The disordered soul of Frank Underwood
Religion & Liberty Online

The disordered soul of Frank Underwood

“Frank Underwood, masterfully played by the award-winning Kevin Spacey, embodies the corruption that so often attends to the pursuit of political power,” says Jordan Ballor in this week’s Acton Commentary, “and as the new season nears it’s worth looking back at where it all began for Francis and Claire Underwood.”

In their review of the show’s first season, David Corbin and Alissa Wilkinson rightly observe that the example of Frank Underwood provides an important negative lesson about the need for faithful and faith-filled politicians. House of Cards “presents an unlikely call for those claimed by Christ to stay within the messy world of politics,” they conclude. It is tempting perhaps to withdraw from the mire of mundane politics and wait for God to overturn the evildoers. This was the stance the prophet Jonah took toward Nineveh, for instance. But as Augustine observed, “It is beneficial, then, that good men should rule far and wide and long, worshipping the true God and serving Him with true rites and good morals.”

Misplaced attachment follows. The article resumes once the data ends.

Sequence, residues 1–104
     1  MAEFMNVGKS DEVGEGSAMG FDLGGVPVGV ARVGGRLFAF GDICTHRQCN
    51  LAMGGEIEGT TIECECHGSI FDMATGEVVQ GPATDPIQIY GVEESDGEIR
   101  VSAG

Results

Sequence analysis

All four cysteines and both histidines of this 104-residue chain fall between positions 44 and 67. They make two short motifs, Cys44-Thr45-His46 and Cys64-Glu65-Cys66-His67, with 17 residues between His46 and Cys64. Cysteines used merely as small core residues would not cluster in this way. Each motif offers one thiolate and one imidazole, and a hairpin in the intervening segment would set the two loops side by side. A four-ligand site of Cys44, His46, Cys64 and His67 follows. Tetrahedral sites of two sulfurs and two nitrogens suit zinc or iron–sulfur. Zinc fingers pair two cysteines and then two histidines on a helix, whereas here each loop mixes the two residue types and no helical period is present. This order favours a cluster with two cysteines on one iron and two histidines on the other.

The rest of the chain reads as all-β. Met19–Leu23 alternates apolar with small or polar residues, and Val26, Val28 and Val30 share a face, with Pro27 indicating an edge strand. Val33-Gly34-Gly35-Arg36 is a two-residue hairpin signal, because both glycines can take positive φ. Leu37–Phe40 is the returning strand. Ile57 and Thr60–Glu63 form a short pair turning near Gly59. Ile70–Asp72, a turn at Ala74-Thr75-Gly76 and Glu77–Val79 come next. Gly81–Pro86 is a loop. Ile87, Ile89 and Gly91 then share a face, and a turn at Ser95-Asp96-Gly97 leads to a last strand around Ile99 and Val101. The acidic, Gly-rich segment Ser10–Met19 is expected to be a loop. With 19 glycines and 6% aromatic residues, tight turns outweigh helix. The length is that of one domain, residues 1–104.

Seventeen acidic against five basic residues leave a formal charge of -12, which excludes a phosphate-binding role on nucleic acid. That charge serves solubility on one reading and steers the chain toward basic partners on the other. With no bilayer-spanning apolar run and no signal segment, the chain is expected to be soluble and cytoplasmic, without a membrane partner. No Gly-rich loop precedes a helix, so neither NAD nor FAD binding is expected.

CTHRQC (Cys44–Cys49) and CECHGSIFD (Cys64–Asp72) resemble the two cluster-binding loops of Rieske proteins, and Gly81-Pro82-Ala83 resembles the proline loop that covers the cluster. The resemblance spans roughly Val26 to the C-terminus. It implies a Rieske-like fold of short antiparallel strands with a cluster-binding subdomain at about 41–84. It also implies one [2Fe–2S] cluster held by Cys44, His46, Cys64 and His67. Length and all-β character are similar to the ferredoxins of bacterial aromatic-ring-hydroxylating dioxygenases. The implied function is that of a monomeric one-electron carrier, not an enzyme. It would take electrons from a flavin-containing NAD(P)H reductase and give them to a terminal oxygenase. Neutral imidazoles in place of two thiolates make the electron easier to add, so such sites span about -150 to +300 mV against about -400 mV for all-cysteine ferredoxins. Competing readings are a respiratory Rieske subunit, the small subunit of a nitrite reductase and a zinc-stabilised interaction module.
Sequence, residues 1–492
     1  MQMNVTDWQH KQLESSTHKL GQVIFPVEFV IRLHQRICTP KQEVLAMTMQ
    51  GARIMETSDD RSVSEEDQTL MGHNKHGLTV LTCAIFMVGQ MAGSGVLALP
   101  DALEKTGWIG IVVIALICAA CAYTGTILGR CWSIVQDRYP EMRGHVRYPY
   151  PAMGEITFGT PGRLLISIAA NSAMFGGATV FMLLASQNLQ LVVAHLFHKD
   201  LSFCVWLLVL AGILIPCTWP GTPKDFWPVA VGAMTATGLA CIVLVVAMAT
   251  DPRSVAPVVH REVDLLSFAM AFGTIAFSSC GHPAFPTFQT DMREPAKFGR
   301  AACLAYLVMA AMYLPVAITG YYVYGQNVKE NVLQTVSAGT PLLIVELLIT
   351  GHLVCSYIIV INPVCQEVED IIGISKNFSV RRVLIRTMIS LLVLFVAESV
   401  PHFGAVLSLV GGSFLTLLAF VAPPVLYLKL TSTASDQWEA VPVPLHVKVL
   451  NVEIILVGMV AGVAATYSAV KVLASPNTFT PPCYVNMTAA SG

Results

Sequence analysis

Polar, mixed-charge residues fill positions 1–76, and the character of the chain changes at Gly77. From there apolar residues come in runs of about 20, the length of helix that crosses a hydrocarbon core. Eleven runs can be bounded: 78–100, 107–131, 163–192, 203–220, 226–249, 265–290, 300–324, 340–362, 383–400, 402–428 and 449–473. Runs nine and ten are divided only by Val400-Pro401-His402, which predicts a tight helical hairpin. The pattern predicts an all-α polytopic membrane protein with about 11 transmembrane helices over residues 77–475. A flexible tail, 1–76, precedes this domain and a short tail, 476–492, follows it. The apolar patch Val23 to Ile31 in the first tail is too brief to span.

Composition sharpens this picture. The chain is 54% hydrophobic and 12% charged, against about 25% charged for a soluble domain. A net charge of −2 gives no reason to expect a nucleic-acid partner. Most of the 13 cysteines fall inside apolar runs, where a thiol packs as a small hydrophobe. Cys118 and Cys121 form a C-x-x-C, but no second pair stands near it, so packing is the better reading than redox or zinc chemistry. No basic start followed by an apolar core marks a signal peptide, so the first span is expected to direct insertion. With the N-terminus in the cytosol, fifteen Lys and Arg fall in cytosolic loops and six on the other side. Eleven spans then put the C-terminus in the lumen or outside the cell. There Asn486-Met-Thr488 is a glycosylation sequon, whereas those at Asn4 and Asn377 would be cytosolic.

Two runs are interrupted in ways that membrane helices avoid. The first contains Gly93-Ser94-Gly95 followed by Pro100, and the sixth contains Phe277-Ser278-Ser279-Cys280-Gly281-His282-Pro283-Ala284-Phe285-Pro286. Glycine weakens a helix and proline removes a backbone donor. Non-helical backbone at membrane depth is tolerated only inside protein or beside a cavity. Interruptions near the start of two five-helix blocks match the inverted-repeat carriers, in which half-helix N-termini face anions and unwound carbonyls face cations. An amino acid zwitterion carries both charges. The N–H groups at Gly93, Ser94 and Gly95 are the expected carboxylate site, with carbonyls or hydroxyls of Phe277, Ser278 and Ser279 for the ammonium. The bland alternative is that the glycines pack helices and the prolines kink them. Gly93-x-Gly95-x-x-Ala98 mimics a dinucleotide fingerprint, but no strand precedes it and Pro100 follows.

The full text of the essay can be found here. Subscribe to the free, weekly Acton Commentary and other publications here.

Joe Carter

Joe Carter is a Senior Editor at the Acton Institute. Joe also serves as an editor at the The Gospel Coalition, a communications specialist for the Ethics and Religious Liberty Commission of the Southern Baptist Convention, and as an adjunct professor of journalism at Patrick Henry College. He is the editor of the NIV Lifehacks Bible and co-author of How to Argue like Jesus: Learning Persuasion from History's Greatest Communicator (Crossway).